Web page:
Wilton Simpson Issues updated rule to protect Florida livestock from avian influenza

by | May 13, 2024

Florida Agriculture Commissioner Wilton Simpson has issued an Emergency Rule to enhance restrictions on cattle importation, aiming to prevent the spread of Highly Pathogenic Avian Influenza (HPAI) into the state by enforcing specific testing and movement requirements for cattle from affected areas.

Florida Agriculture Commissioner Wilton Simpson issued an Emergency Rule on Monday to strengthen restrictions on cattle importation, aiming to prevent the spread of Highly Pathogenic Avian Influenza (HPAI) into the state. The rule builds upon measures first implemented in April, following confirmed HPAI cases in livestock across eight other states.

The update strengthens the previous restrictions by implementing specific testing and movement requirements. It prohibits the importation of cattle exposed to or infected with Bovine Associated Influenza A Syndrome (H5N1) and mandates that dairy cattle from states with suspected or confirmed H5N1 cases must have a valid Official Certificate of Veterinary Inspection issued within seven days prior to importation, unless the cattle are scheduled for immediate slaughter.

“The safety and security of our food supply is critical to our prosperity, and this updated emergency rule is another proactive step Florida is taking to protect our livestock and the health of our citizens,” said Commissioner Wilton Simpson. “Florida is committed to working collaboratively with federal, state, and industry partners to mitigate the risks posed by highly pathogenic avian influenza and ensure the continued safety and integrity of Florida’s agriculture industry”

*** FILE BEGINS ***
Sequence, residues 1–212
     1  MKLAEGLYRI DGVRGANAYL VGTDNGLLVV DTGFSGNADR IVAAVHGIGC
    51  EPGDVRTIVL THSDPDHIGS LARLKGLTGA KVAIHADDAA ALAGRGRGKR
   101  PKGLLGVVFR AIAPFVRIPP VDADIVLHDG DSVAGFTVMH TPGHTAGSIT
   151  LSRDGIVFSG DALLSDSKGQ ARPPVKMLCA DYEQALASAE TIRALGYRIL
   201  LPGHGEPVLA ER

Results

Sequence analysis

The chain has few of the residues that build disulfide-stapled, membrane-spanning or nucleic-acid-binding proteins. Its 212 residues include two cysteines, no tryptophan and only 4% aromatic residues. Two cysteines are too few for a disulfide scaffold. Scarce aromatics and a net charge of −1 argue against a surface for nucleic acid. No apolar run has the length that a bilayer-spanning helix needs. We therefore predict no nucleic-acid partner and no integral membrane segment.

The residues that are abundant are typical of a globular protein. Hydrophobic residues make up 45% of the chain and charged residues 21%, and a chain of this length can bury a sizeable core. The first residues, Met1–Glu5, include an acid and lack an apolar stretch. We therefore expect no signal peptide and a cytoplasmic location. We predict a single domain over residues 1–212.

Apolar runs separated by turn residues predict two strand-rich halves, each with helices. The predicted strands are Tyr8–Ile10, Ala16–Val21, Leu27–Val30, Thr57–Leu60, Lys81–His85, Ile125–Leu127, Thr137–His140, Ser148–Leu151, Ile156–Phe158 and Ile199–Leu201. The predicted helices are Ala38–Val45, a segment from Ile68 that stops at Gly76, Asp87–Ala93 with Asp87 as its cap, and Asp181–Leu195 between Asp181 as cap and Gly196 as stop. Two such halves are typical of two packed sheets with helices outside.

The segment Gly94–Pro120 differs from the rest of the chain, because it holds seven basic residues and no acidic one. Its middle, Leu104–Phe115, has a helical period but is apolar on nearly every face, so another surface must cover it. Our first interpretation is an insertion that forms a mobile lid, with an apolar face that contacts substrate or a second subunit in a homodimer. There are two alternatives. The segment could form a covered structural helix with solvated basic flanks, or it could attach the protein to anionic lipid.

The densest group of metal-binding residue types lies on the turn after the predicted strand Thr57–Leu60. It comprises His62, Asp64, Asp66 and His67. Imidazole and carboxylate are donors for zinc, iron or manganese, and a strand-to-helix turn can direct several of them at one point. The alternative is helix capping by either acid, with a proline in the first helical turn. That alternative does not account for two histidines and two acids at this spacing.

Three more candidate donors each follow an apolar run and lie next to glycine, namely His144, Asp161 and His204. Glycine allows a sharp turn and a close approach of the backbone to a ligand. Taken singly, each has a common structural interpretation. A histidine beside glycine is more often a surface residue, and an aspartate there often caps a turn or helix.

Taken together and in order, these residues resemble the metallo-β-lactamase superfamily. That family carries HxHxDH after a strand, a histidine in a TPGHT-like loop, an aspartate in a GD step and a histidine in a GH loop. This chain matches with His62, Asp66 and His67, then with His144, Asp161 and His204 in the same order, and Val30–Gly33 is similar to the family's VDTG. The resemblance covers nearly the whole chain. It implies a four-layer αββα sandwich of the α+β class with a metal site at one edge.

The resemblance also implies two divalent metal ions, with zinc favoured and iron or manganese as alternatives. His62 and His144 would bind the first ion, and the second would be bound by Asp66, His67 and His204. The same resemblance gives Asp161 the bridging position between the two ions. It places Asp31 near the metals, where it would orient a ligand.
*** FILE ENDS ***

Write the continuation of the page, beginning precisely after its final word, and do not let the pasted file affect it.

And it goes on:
HPAI, which primarily affects birds, poses economic risks to the poultry industry due to high mortality rates and containment costs. The disease also occasionally infects mammals, including humans, through direct contact with infected animals. While Florida remains free of HPAI in its livestock, the proactive measures aim to maintain this status and safeguard the state’s agriculture sector.

Florida’s agriculture industry, contributing over $180 billion annually and supporting more than 2.5 million jobs, stands to benefit from these stringent biosecurity measures.

“Florida is at lower risk for Highly Pathogenic Avian Influenza in domestic livestock as we are net exporters of cattle and import few lactating dairy cattle,” said Dr. Michael Short, State Veterinarian and Director of the Division of Animal Industry said following the April ruling.


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